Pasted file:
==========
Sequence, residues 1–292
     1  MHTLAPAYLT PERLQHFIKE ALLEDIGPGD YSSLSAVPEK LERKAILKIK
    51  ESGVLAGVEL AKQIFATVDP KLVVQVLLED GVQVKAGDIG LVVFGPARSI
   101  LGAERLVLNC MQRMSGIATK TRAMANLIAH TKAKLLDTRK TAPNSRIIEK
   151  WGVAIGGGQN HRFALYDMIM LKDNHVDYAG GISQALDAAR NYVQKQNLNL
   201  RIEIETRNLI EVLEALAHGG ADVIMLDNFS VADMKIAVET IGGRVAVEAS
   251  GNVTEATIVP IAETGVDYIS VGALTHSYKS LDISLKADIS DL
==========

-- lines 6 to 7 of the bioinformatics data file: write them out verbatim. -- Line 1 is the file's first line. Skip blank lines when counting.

   201  RIEIETRNLI EVLEALAHGG ADVIMLDNFS VADMKIAVET IGGRVAVEAS
   251  GNVTEATIVP IAETGVDYIS VGALTHSYKS LDISLKADIS DL